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FLEXO Magazine : June 2014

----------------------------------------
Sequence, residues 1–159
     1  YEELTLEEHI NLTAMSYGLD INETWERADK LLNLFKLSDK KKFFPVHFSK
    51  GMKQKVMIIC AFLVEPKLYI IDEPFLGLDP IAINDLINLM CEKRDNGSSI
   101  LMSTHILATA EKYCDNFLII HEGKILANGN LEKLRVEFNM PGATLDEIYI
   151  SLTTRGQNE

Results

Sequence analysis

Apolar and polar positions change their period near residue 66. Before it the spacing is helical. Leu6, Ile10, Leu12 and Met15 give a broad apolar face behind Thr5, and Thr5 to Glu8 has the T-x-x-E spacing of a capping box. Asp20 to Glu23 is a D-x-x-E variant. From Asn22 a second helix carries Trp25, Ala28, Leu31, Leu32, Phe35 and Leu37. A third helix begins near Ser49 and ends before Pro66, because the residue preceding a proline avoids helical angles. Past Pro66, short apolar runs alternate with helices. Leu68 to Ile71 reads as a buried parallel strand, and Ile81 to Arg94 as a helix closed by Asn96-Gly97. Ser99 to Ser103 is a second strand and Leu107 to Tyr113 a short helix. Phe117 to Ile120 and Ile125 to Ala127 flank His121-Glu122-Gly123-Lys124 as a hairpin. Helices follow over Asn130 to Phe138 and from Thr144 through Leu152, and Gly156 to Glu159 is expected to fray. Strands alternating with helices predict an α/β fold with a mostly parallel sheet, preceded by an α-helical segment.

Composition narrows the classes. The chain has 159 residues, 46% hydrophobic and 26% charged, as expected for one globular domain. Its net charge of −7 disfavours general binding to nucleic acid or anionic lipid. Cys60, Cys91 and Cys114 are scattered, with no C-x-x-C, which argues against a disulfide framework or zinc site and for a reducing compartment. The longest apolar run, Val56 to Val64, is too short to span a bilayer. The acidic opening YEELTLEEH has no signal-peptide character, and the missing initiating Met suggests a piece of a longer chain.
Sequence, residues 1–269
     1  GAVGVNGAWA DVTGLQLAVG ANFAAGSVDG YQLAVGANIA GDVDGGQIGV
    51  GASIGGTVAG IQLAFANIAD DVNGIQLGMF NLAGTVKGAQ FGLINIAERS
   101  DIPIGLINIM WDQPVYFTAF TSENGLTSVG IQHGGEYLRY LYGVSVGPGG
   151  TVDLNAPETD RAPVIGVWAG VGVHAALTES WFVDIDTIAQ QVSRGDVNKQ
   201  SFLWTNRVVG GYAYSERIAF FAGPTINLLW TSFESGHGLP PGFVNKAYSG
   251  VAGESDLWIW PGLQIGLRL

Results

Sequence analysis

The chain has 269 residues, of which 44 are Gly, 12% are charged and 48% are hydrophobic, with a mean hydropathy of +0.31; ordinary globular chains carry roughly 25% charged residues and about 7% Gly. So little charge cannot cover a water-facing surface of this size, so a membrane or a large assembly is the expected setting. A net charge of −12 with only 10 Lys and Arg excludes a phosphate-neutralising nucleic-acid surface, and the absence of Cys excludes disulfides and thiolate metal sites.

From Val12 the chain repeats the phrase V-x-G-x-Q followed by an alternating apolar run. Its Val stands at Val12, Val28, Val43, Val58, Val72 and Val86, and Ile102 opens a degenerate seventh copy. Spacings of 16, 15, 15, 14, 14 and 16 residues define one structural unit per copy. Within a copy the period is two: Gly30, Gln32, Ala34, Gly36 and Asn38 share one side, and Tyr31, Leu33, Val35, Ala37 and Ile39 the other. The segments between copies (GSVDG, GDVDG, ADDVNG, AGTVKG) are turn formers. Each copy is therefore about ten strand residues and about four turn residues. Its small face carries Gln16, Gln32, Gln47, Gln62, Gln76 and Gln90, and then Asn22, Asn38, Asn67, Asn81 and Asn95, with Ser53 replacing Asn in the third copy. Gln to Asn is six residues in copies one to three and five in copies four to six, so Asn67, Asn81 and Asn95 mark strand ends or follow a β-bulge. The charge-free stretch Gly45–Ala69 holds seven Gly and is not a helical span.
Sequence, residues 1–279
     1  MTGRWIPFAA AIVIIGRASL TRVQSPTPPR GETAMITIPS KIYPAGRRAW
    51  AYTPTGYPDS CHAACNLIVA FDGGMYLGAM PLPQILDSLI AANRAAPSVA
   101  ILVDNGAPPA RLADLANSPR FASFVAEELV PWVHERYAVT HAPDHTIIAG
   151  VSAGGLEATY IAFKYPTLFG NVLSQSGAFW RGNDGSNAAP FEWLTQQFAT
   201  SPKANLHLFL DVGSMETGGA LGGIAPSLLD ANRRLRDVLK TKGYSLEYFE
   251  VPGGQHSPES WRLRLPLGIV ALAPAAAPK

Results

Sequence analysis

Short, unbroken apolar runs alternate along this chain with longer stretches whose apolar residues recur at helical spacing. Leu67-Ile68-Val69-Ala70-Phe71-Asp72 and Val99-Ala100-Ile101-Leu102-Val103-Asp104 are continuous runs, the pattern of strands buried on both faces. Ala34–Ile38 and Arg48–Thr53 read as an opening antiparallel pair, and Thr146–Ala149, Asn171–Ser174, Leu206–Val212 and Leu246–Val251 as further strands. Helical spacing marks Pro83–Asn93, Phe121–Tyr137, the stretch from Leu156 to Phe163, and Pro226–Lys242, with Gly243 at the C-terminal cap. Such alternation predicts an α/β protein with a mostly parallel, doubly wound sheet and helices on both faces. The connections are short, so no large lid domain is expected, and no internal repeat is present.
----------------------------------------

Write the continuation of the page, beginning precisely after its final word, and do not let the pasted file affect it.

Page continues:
use some of our latest experimental screens throughout this evaluation process. These screens may contain further potential for improvement for flexography. They were deliberately developed for an imaging reso- lution of only 2,540 dpi and may therefore be used with conservative plate making equipment. Their strength lies in the partic- ular small first printing dot that does come very close to offset lithography. NEEDS & CHALLENGES It may be safely assumed that the function of DFTA Planoflex depends quite strongly on the precision with which the aforemen- tioned shallow relief depth may be held consistently over larger printing plates. This is the only way we can succeed in establishing consistent pressure between printing plate and substrate. Achieving such a flat relief under the usual processing conditions where relief depth is being determined through the so called backflash exposure appears to be impossible. Floor thickness variations of approximately ±40-μm., which are typical and nonproblematic with usual platemaking, may not be tolerated with DFTA Planoflex. We have developed a reliable alternative that produces variations of only ±10-μm. consistently. At this point in time the extra steps involved do prolong preparation times for platemaking by a small amount. However, should DFTA Planoflex succeed over a wider area of the market, these preparations may be automated relatively easily. The biggest challenge we have faced so far is the arrangement of the horizontal gap, which cannot be avoided if printing plates (rather than seamless sleeves) should be used. The challenge here comes with the fact that in order to achieve full contact over the entire repeat length, the gap needs to be closed almost completely in order to not reintroduce the vibrations. However, we have found a working solution already and there are still a few potential alternatives in sight. Using DFTA Planoflex with seamless sleeves has been demonstrated to work successfully a number of times already. Generally, the borders of the applicability of this new flexo derivative are not fully known and must be evaluated still. It must be assumed that DFTA Planoflex may not be suitable for all parts of the market. The DFTA Technology Center and its partners still have to perform a lot more testing and evaluation, but the prospects are bright. n About the Author: Dr. Martin Dreher is the scientific leader of DFTA Technology Center in Stuttgart, Germany. He spent a portion of his career working with Du- Pont Cyrel as technical application specialist and as team leader on the Cyrel team. He has also worked as a professor at the Hochschule der Medien in Stuttgart. He has written several trade articles. JUNE 2014 | FLEXO 87